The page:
MBT: How important is the role of playing, especially with block toys, in shaping the imagination, creativity, cognitive development, and the advancement of other sets of skills in a child?
MB: Building blocks are a great tool to develop creativity in children. Btw, we strongly believe that children are the most creative people on planet earth. However, there is a systematic decline in their creativity as the children progress from one grade to the other, all thanks to our archaic education system. Thus, at MakersLoft, our role is to keep retaining and nurturing their natural creativity.
One thing we do differently than other institutes or traditional education systems is that we encourage children to think for themselves. We try to provide a safe environment for them to try, fail and learn. And building blocks are great that way because no mistake is fatal. You do something wrong – no problem, dismantle and build again! It is a very forgiving toy. Building blocks are also great for spatial development and not too many courses in traditional education focus on this aspect. It is something that is so important in today’s world where we so commonly use GPS, Virtual Reality, and 3D everything.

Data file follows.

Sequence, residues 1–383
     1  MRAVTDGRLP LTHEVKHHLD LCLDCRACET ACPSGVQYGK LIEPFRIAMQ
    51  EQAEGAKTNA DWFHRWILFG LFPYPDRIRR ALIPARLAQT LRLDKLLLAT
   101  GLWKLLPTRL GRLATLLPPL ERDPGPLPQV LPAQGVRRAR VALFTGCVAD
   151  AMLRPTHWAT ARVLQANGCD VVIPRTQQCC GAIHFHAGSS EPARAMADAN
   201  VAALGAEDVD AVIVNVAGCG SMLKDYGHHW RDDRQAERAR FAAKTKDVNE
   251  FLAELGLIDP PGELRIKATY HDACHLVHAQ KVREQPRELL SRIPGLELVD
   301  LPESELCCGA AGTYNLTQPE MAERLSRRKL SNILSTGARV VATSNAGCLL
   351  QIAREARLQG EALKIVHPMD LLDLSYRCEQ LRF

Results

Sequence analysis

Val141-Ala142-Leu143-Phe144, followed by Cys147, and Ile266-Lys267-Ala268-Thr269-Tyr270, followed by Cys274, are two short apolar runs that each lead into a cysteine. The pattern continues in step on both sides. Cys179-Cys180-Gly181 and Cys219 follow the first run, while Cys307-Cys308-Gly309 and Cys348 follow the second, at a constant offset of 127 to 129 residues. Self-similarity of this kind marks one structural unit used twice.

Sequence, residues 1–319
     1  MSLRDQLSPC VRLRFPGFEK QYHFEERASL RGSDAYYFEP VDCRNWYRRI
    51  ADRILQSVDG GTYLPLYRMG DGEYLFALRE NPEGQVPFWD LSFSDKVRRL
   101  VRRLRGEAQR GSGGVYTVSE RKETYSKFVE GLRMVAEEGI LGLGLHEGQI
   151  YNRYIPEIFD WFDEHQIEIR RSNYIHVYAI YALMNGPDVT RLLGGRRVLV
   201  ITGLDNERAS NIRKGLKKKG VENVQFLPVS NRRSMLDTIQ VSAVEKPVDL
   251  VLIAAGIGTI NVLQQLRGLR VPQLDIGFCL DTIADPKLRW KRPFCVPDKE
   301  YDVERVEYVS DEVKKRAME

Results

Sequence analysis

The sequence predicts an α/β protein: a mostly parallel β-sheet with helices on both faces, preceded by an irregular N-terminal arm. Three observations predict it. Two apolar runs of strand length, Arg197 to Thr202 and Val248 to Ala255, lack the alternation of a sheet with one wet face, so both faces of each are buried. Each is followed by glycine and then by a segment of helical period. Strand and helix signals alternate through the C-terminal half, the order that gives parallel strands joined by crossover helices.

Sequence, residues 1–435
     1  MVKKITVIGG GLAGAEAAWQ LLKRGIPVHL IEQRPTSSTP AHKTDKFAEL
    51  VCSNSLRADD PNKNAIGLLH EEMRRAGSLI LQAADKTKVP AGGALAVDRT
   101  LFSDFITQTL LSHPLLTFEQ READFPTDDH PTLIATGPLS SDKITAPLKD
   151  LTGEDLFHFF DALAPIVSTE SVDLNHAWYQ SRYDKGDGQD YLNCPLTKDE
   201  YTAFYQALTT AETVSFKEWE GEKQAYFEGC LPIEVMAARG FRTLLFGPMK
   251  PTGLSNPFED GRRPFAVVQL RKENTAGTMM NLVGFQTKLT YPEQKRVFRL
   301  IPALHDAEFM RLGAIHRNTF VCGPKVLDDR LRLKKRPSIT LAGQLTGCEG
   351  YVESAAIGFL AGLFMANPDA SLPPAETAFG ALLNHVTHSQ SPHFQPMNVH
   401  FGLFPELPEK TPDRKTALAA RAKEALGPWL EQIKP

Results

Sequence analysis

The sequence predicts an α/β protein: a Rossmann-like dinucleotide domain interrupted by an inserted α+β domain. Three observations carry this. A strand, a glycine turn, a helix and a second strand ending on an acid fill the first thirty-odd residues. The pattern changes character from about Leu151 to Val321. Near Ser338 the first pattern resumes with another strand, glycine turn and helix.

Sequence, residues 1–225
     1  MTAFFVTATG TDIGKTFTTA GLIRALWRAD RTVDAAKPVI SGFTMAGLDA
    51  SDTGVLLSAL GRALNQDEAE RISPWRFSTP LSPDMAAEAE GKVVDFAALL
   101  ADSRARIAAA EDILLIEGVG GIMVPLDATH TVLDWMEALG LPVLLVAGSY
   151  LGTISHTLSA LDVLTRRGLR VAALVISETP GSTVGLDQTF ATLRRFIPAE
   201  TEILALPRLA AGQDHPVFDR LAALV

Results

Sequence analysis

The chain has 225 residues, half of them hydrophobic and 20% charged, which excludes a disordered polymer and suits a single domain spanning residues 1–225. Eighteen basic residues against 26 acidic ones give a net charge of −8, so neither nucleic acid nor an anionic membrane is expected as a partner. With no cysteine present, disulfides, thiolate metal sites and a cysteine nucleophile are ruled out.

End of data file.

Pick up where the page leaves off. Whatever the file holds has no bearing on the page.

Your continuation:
We start with blocks from the age of 2 – blocks, combined with storytelling, rhymes, and play help in social-emotional development, language, and vocabulary and early Math and Science (qualitative way).
MBT: What is the current market reach of the products?
MB: Indic Bricks’ first product Ganesha has been rather well received in India and abroad, especially US & UK. We’ve sold to customers in all the major cities like Bangalore, Delhi, Mumbai, Pune, Hyderabad, Chennai, Coimbatore as well as cities like Moradabad, Bhuj, Jalandhar, Kozhikode, and Jammu. What has been surprising was orders coming in from small towns like Neyveli, Thiruvalla, Walayajpet, and Kunnathunad.